* In ''MahouSenseiNegima'', Haruna writes Doujinshi, although we don't see a lot of her work. There's even a memorable interlude where she drags Negi to a Doujinshi convention, and he unknowingly picks up a {{yaoi}} hentai, nearly giving Chisame a coronary. There's a good reason that we don't see a lot of Haruna's work; WordOfGod is that it's "[[{{Hentai}} rated 18+"]] (let's not forget that ''Haruna'' herself is supposed to be no older than 15).
* Konata from ''Anime/LuckyStar'' is a Comiket veteran, once recruiting her friends to come with her, during which episode, Kagami spots the yaoi doujin pictured above. Curiosity gets the best of her, and...well...[[http://www.youtube.com/watch?v=Bpoo7NZAPWI hilarity ensues]].
** There is, of course, Hiyori, a doujinshi {{yonkoma}} artist whose [[YuriFan inte]][[YaoiFangirl rests]] practically caused ShippingGoggles to be ''glued'' to her eyes. And yes, she ''does'' sell stuff on Comiket.
* The eponymous club in ''{{Genshiken}}'' has a [[PornStash locker full of Doujins]] in the club room. Later, the club produce their own doujinshi for ShowWithinAShow ''KujibikiUnbalance''. Oguie also draws {{yaoi}} doujinshi, and once accidently spills a large pile of hardcore one she bought in front of the boys in the club.
* Nagi of ''Manga/HayateTheCombatButler'' draws her own, it's her {{berserk button}} if you call it a 'picture diary'〔a ubiquitous form of summer homework for Japanese school children). Several chapters of it have featured well in the anime and manga. The only one who's able to understand the story is Isumi.
* ''Manga/DoujinWork'' is, unsurprisingly, about people involved in the doujin manga scene, with varying levels of success. Apparently, one can make quite a profit in making doujinshi, as Justice can attest.
* ''Comic Party'' is an anime (based on a dating sim game) about the process of making doujinshi. The main character is convinced by a friend of his to use his artistic skills and use doujinshi to "Take over the world." The process of doujinshi is shown in detail, from scripting to printing to selling.
* ''Anime/HanaukyoMaidTai La Verite'' episode 5. Ikuyo Suzuki takes the main characters to Comiket to sell her manga, which (based on its cover) features a (fictional) relationship between the maids Yashima Sanae and Konoe Tsurugi.
* ''Visionary Replay Of Homu Homu'', a [[NotSafeForWork sexually explicit]] Anime/PuellaMagiMadokaMagica Homura/Madoka GirlsLove story.
** The character designer of ''Madoka Magica'', Creator/UmeAoki, makes doujinshi under the pseudonym ''Apricot+''; a ''Madoka'' doujin is amongst works she made under this name.
* ''Anime/MobileSuitGundamWing: Ground Zero'', which actually got published in the US through Viz, and can be distinguished from the official manga by the fact that it doesn't have any of the show's staff in its credits (and because it conflicts with manga that do like ''Blind Target'').
* Nakuru from MayoChiki is one. She's obsessed with making [[BoysLove BL manga]], particularly after seeing the butler for a local rich girl, Konoe Subaru hanging out a lot with OrdinaryHighSchoolStudent [[MistakenForGay Jiro]].
* Chihaya from AsuNoYoichi is another in-universe example. She draws manga and goes to school, but sometimes has trouble trying to fit both into her life. When some of her classmates belittle her efforts, Yoichi beats them up and also chastises them since they lack motivation to do anything themselves but are quick to criticize others for trying to make something of their life. Which then gives Chihaya some more ideas for her manga.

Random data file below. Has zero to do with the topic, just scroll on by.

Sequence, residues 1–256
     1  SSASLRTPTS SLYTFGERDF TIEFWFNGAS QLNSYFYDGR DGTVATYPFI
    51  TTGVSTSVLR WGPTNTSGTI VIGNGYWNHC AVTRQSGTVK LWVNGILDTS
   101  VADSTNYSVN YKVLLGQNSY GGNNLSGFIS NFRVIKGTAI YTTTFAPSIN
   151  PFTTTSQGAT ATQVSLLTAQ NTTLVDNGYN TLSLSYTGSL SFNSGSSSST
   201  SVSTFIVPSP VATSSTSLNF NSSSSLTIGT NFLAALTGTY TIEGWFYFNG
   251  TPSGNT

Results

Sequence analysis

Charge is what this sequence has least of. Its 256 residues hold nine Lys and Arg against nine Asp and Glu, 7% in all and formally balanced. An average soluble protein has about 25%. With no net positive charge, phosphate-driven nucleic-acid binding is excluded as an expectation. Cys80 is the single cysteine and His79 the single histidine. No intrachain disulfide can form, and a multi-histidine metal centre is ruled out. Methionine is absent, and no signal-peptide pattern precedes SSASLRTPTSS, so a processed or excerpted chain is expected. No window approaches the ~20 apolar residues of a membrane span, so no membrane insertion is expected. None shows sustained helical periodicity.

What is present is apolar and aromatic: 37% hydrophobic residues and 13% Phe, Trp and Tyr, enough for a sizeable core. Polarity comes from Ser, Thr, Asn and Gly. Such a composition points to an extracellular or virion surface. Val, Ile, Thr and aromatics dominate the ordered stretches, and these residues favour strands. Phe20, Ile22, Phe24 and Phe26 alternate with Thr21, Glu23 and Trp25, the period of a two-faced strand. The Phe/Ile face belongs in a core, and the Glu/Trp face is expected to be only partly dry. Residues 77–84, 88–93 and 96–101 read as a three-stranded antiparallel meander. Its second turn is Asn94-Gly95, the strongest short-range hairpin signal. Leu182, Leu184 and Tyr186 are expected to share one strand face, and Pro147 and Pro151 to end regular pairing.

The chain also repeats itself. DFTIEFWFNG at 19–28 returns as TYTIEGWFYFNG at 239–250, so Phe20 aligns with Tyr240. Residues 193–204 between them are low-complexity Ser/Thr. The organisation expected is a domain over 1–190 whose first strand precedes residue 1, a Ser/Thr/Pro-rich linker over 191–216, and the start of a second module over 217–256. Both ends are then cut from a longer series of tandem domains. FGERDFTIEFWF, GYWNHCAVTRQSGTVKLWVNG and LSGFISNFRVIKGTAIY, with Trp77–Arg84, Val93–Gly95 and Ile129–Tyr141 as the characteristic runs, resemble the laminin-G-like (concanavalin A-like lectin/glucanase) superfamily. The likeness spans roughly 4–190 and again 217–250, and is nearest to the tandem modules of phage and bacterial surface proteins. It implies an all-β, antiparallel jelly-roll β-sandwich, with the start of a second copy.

* ''Manga/{{Morefuyu}}'' is based on ''VisualNovel/{{Morenatsu}}'', but taking place in winter instead of summer.
* Episode three of ''LightNovel/JinruiWaSuitaiShimashita'' is an extended parody of the concept. Entirely using {{yaoi fangirl}}s.
* In [[LightNovel/OreNoImoutoGaKonnaNiKawaiiWakeGaNai Ore no Imouto]], the main character, his sister and two of her friends go to Comiket for doujinshi early in the series.
[[/folder]]

[[folder:Comic Books]]
* ComicBook/{{Watchmen}} includes Tijuana bibles as a minor plot device.
[[/folder]]

[[folder:Live Action Television]]
* ''Hybrid Insector'', a SerialNumbersFiledOff version of ''Franchise/KamenRider'' made by the staff of the ''LinebarrelsOfIron'' manga. After nine "volumes" were published, Toei sent an official cease and desist.
[[/folder]]

[[folder:Video Games]]
* Doujin works in this format have a tendency to be created as fighting games, usually emulating the style of ''GuiltyGear'':
** ''VideoGame/MeltyBlood''
*** The plot of this one, however, is considered canon in some ways.
** ''BattleMoonWars''
** ''BigBangBeat''
** ''QueenOfFighters''
** ''EternalFighterZero''
** ''[[VideoGame/{{Touhou}} Immaterial and Missing Power]],[[VideoGame/{{Touhou}} Scarlet Weather Rhasphody]],and [[VideoGame/{{Touhou}} Unthinkable Natural Law]] are all fighting games as opposed to the series usual shmup style. All 3, however, are also canon.
** ''[[ValkyrieProfile Valkyrie Fight]]''
** ''Pokemon: Wild Type''
** ''MagicalBattleArena''
** ''Franchise/WhenTheyCry''
* Doujin shmups are also quite big:
** ''VideoGame/CrimzonClover''
** ''Videogame/{{EXceed}}''
** ''VideoGame/{{Hellsinker}}''
** ''TheTaleOfAlltynex''
** ''VideoGame/{{Touhou}}'' (although, doujinshi of it--yes, ''doujinshi of a doujin game series''--is what the series is far more well-known for.)
** ''{{SUGURI}}'' and ''VideoGame/{{sora}}''
* Doujin action titles are notable as well:
** ''VideoGame/CrescentPaleMist''
** ''{{Dysnomia}}''
[[/folder]]

[[folder:Webcomics]]
* [[QuestionableContent Pintsize]] [[http://questionablecontent.net/view.php?comic=1524 inverts the stereotype]].
* In ''Webcomic/GhastlysGhastlyComic'', Freddy draws doujinshi based on ''ComicBook/ChickTracts'', and after Cosplay Girl converts to Buddhism, she draws a {{Bishonen}} Buddha/Drunk And Bitter Jesus doujinshi (with Jesus as {{Seme}}). Bishonen Buddha then reccomends she start worshippping Fat Buddha instead.
-->''"He's Japanese, you know. You kids love that crazy Japanese stuff, right?"''
[[/folder]]